In Part One of this series, I discussed the potential scenario of partners attempting to take control of your business in an unsavory manner. In Part 2, I will dive into company information being leaked which can have a detrimental impact on your business’s growth and success.
Recently I had a client whose employee stole an internal database and attempted to sell it to competitors offering the highest sum. The client, suspicious due to rumors he heard in the office hallways, hired my business intelligence agency to either uncover that these were merely office whisperings, or that this was indeed happening and how to put a stop to it.
If you ever find yourself in a similar situation, here are three steps on how to address it.
Scenario 2: There’s been a breach of information
What to do:
Understand the scope: If you uncover confidential information from your company has been compromised – such as an algorithm, upcoming product launch, databases and more – it’s important you first and foremost understand the scope. From that point on, you must reverse engineer the path the leak took to find the source.
Find the leak: My firm had a company who lost a database of experts in the pharma field. So our first mission was to uncover who had access to that database itself and once identified, conduct background checks on this list of individuals to understand if one or more have hidden interests in taking such information. This could be fueled by monetary needs, ill-will towards the company and more. Know that as the business owner, you might already have a strong intuition of who this person or group of people could be. That said, don’t confront them until concrete evidence is in hand as you might set off unnecessary or dangerous alarms.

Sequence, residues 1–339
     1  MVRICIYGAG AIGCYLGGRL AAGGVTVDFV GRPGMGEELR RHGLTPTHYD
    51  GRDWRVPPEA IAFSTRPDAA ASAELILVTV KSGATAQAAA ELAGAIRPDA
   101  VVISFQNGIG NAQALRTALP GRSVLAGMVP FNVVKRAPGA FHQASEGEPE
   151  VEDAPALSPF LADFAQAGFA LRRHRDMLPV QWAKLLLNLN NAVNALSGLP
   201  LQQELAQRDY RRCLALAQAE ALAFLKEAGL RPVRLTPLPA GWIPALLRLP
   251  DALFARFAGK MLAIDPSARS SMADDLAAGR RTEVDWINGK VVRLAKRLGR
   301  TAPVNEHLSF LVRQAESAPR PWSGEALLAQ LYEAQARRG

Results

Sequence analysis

Take action: You’ve found the source of the breach, and now you have a plethora of options. If the information wasn’t yet sold, you can involve the authorities and secure a lawyer to make sure this employee is persecuted. Or alternatively, you can settle with the employee on your own terms, letting he or she go in the process. If the information was indeed sold, it’s important to know who purchased it and secure a lawyer to address the buyer and prevent them from using it. If you don’t know who the buyer is, consider obtaining a professional third-party who can find out as every day that passes puts your company at risk.
In Part Three of this series, I will highlight how to address potential acquisitions that you have a hunch might be accompanied by hidden surprises.